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The miracle of losing (and finding) my most cherished possession
On a Saturday morning in February, the morning light seeped through my French doors and filled me with dread. I awoke and remembered that I’d lost my most cherished possession in the world. It was gone.
The previous night I stood in a crowd of people dancing and clapping along to Twin Shadow at Empire Garage in downtown Austin. It was a great show, only the second concert I’d been to since the start of the pandemic. Suddenly, I noticed—felt with my entire being—that my ring was gone. My grandmother’s ring.
My grandma Betty was a third parent when I was growing up. I loved spending weekends at her and my Grandpa Chuck’s home in Bellflower, California getting absolutely spoiled. Mornings were spent watching “our favorite show” (as my Grandma would say), Rugrats. I sat in Grandma’s brown corduroy La-Z Boy, reclined with my little feet up, while Grandma served me waffles slathered in peanut butter and syrup. I still eat them that way to this day.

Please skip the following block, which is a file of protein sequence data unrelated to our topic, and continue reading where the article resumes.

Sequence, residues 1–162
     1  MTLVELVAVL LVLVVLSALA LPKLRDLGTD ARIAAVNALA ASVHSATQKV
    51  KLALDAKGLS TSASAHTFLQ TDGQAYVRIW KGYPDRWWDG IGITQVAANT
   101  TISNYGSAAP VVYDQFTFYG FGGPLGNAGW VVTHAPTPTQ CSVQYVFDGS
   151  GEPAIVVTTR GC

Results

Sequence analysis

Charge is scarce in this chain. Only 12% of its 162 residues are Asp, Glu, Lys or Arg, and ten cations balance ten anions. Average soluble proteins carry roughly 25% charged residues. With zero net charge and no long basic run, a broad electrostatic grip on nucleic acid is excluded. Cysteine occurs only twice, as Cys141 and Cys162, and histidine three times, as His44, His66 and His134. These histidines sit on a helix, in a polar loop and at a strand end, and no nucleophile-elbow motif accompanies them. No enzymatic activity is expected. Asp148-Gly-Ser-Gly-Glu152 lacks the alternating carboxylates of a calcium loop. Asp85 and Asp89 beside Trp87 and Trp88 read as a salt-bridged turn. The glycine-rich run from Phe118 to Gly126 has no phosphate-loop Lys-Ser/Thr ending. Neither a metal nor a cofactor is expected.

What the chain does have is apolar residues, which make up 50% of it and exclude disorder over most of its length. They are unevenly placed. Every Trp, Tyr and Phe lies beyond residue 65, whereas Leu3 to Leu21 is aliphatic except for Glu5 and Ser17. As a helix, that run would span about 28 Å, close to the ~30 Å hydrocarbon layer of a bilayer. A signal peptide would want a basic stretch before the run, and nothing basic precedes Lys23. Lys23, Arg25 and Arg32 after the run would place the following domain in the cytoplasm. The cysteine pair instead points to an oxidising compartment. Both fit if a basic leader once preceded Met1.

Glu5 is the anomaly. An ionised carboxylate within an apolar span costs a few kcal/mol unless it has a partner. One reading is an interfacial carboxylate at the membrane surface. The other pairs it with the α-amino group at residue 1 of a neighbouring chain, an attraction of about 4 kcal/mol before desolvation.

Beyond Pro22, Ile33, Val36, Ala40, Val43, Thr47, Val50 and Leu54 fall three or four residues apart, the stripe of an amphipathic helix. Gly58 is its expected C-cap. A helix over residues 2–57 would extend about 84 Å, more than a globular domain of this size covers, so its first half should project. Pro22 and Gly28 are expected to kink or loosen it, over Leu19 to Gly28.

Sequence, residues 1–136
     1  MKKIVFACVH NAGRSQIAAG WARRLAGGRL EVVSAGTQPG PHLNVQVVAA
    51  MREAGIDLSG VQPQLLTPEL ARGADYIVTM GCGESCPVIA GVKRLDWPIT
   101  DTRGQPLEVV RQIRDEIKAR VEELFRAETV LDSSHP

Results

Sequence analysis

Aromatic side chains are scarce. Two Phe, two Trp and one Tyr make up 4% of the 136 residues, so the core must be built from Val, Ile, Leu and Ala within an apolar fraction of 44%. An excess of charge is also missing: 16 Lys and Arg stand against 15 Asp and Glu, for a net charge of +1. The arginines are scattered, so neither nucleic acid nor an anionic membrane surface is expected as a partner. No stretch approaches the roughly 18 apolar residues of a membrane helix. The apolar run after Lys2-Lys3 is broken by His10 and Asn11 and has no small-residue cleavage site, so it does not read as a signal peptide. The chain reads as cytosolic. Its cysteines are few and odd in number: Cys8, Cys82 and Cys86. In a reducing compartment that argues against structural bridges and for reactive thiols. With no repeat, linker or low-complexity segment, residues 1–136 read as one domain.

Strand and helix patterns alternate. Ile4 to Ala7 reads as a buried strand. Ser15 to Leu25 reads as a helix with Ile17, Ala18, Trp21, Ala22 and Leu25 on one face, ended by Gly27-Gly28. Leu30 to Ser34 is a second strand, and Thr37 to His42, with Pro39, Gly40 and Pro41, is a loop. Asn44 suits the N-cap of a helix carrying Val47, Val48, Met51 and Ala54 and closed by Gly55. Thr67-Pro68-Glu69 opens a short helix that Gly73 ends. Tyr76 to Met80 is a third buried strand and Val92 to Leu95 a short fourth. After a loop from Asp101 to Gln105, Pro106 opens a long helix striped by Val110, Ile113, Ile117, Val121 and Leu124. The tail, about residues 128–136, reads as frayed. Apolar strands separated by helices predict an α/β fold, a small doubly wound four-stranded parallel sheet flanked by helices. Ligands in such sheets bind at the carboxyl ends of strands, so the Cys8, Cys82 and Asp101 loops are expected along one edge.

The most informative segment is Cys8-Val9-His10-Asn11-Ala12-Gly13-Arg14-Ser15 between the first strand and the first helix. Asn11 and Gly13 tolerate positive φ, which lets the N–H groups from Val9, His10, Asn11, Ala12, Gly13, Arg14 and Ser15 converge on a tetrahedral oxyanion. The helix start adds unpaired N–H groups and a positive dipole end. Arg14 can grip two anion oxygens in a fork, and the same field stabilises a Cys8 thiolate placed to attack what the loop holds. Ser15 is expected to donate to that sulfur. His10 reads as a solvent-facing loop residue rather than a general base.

In the afternoons I’d play pinball and Minesweeper for hours on my Grandpa’s computer, or the duck shooting game I only got to play on the Super Nintendo at Grandma’s house, since I wasn’t allowed one at home. At night Grandma would let me rub her feet with her fancy lotions, then I’d crawl into bed in the middle of Grandma and Grandpa and throw my right leg over Grandma’s body. Grandma was my first body pillow, a kind of comfort I can still feel in my bones. Nowadays I only get to lie this way with lovers—no physical position could make me feel more held.